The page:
It's All About the White Rats

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No, this is not about "White Hats" - security hackers who try to break into systems in order to strengthen them, as opposed to "Black Hats" - but really about what we can learn from white rats.

In the last few weeks, I have helped solve a number of vexing problems on behalf of customers, both in technology and process. Each time I am asked how I do it, and each time the answer is the same. I learn all of the parts of the system, understand how they interact and what drives them, and then inspect each part to look for expected and unexpected behaviours.

Of course, it never is that simple. Doing so requires knowing a lot of different technologies, processes and human behaviours, having seen them in lots of different scenarios, and having enough experience to know which one to use. It also requires enough patience on behalf of the customer to give me a chance to truly understand the problem.

This week, a close old friend of mine, who unfortunately is fighting cancer, used a great analogy in his blog to describe the problem-solving methodology I use: white rats. He quoted an exchange from the "West Wing" TV series:

“Let me ask you this: red meat has been found to cause cancer in white rats.

“Maraschino cherries has been found to cause cancer in white rats.

“Cellular phones has been found to cause cancer in white rats.

“Has anyone examined the possibility that cancer might be hereditary in white rats?”

This, in a nutshell, is my method of problem-solving for my clients - combined with enough experience to ask the right question and know how to get the answer.

It is all about gathering sufficient data of the right type to ask the right questions. The right question here isn't, "does red meat cause cancer in white rats?" nor is it "do cellular phones cause cancer in white rats?" Rather, it is "is cancer hereditary in white rats?"

If your cloud service is behaving poorly, whether scale or functionality or any other part, the right question isn't, "how do we fix it?" or even "how can we prevent it?" The right question is, "what inputs cause it to behave in the expected fashion, and what are the inputs when it behaves differently?" To answer that question, you need to know all of the inputs, what the expected behaviour is, and how to gather and examine all of the relevant inputs. Once you know why, fixing it and preventing future issues becomes much simpler, a simple matter of project management.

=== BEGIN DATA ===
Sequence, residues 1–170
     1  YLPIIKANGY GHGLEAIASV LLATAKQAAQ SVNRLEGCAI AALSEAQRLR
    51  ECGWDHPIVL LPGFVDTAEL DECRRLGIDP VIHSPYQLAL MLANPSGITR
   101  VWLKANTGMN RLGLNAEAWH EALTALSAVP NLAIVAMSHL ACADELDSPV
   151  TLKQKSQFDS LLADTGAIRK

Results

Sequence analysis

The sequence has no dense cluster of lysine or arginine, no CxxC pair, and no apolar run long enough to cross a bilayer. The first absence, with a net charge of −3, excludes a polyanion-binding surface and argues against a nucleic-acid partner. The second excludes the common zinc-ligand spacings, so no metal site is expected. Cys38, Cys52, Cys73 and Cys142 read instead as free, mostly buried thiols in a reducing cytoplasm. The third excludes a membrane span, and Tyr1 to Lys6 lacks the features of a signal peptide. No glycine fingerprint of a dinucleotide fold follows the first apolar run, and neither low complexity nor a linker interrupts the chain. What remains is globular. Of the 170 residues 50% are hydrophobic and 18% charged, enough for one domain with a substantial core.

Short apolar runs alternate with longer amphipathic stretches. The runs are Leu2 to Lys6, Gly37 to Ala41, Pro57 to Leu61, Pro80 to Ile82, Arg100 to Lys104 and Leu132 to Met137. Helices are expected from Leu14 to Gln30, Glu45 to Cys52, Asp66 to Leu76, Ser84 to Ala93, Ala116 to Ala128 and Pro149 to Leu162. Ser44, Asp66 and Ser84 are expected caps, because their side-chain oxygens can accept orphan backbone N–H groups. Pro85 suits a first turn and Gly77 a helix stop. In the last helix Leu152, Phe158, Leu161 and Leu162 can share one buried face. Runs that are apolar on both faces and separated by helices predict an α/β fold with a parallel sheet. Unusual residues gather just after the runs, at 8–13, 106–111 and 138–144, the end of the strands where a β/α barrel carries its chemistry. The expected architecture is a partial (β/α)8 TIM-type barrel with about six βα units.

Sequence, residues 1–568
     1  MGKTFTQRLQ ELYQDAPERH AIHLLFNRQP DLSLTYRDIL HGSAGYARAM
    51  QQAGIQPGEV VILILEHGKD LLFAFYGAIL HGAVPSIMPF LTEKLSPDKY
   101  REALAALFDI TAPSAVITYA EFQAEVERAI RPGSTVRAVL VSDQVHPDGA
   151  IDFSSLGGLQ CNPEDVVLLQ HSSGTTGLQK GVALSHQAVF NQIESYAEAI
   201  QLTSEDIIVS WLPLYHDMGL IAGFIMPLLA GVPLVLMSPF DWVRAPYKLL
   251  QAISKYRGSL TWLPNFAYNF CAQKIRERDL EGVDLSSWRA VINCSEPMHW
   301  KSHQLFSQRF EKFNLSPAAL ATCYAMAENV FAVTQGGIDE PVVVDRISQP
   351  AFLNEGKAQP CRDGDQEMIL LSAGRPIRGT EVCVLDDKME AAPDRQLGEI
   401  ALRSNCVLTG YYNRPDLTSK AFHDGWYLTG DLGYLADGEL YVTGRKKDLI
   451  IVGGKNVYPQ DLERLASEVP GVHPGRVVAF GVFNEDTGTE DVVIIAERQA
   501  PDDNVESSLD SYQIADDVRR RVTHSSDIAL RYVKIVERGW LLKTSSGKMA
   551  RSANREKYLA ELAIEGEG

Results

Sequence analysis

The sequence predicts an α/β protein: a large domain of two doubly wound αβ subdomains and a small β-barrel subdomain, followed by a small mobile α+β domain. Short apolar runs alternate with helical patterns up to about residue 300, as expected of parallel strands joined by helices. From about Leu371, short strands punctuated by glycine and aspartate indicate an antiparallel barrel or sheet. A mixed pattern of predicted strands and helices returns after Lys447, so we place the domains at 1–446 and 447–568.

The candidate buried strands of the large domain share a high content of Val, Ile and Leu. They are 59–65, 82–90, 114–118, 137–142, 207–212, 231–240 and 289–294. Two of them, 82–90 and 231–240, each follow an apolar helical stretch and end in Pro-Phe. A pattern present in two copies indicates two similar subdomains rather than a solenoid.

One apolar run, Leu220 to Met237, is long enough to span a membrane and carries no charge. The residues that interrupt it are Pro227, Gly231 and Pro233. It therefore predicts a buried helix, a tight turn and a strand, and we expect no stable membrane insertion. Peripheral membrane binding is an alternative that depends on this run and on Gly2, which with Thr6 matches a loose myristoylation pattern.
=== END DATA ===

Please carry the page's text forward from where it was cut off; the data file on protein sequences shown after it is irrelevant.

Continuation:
Similarly, if your people are not responding to requests quickly enough, you need to understand what they are doing, what they are expecting to do, what gets in their way, and what you are activities you actually are rewarding them for. Most important of all, though, you need to understand all of the parts of the system and how others work, why some create better outcomes, and then begin to map them to your needs.

In my years hiring and managing technologists, I always said I wanted "engineers", not "administrators" or "developers" or "programmers." The reasoning was simple. Engineers are a mindset, a way of thinking that wants to understand how things work under the covers, and only then how to use them.


Don't try to solve your problems by fixing things or making them better; first try to understand why they work the way they do, what they do under the covers. Apply methodological critical thinking to your technology systems, your people, your processes and your product. Make sure the people doing the analysis have deep and broad experience well beyond your own systems.

And when you are ready to make your technology and the people that support them scale better and faster... call us.